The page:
grow sweet peas, grow!

an acre of potatoes on the top and an acre of winter squash on the bottom

There’s the big white house on the hill. The owner is not affiliated at all with the farm, she just thought the farmed land across the street looked nice and wanted some of her land to look like that, which was perfect because we needed a couple acres for potatoes and winter squash.

lettuces and fennel

Stay back 50 feet all directions!

broccoli and broccoli and some cabbages

caterpillar tunnels are keeping things warm and they’re growing!

summer squash are flowering!

The hot weather is here, which means that it’s time to get a bunch of irrigation in place and get the water flowing.

awkward things to try and balance at first

the daily irrigation pipe moves

overhead irrigation lines are laid every 6 beds in the fields

The first crop ready for harvest at the Birchville site are the radishes. Yum!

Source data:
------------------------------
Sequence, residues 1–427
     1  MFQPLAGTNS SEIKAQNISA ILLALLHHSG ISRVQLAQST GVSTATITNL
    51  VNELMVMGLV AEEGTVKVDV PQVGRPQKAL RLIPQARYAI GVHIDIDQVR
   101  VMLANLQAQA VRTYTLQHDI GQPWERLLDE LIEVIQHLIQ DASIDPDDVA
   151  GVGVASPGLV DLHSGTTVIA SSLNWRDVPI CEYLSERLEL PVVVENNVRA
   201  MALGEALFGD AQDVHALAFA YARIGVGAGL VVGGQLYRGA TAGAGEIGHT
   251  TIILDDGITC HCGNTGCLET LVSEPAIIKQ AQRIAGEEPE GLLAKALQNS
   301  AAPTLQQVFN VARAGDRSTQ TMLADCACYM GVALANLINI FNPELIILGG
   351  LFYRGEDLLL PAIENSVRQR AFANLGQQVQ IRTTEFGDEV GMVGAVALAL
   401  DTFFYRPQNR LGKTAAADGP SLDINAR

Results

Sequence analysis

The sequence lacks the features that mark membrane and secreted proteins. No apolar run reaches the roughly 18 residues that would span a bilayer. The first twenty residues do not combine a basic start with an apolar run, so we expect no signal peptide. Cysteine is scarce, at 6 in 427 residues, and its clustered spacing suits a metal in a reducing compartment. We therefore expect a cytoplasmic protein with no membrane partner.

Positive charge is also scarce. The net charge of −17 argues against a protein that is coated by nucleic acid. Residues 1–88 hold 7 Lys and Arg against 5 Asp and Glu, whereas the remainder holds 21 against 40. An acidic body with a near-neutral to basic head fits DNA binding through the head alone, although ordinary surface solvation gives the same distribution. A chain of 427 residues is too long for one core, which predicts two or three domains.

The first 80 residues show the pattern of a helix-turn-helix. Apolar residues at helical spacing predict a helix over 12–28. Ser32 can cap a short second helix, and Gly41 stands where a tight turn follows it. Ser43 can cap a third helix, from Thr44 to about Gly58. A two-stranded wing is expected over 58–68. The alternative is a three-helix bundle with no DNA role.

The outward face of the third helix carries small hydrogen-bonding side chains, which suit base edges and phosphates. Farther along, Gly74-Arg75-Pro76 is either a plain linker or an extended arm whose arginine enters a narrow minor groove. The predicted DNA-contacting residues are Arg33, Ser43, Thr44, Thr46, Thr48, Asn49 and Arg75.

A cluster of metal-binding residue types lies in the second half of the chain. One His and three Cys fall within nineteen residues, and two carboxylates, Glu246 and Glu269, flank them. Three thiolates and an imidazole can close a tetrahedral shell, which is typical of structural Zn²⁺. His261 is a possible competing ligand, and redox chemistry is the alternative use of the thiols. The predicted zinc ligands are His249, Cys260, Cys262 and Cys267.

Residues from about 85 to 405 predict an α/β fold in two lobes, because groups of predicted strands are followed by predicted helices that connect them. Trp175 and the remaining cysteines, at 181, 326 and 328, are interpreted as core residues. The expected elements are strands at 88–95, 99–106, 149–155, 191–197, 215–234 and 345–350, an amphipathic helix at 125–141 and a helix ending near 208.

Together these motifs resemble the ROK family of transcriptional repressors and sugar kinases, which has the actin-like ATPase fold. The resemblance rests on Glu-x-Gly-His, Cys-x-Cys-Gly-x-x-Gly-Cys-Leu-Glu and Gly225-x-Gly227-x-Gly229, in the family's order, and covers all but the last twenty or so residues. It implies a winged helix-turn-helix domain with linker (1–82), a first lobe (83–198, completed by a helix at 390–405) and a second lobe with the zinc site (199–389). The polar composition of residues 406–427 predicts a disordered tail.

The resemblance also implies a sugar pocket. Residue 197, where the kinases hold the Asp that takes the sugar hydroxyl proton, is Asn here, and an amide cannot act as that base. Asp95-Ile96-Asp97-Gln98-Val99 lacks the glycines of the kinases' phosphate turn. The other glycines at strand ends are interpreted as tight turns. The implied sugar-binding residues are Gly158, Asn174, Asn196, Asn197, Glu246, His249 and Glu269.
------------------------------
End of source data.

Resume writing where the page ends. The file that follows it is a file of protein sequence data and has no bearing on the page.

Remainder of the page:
they’re so juicy and spicy

Back at the main farm location, the hoop houses there are close to harvest.

napa cabbage…2 more weeks

carrots are almost there

And after a long day of hard work, we relax outside and in the kitchen area

There’s tons going on here right now. I figured less writing and more pictures was the way to go. Today we planted strawberries and the first few are getting ripe from the last planting. Cooking experiments are coming along. Jake has almost perfected making raw milk feta cheese, I’m making progress with thick raw milk yogurt, we’ve made socca’s, new salad dressings, and even sprouted granola! Recipes and more pictures will follow. Enjoy the great weather and a fresh salad!

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Farm Tour Part 1

 

Hi There!

It’s almost May….where has time gone?!? We’ve been busy bees here at the farm. I’ve tried to take a bunch of pictures the last couple weeks – enjoy🙂 First, there’s some of Angie’s (John’s wife)  flowers.

see the bee?

it's great to see some flowers all over when we're working with the veggies

so colorful

Now the spring annual crops are starting to show up. Check out out asparagus and strawberries.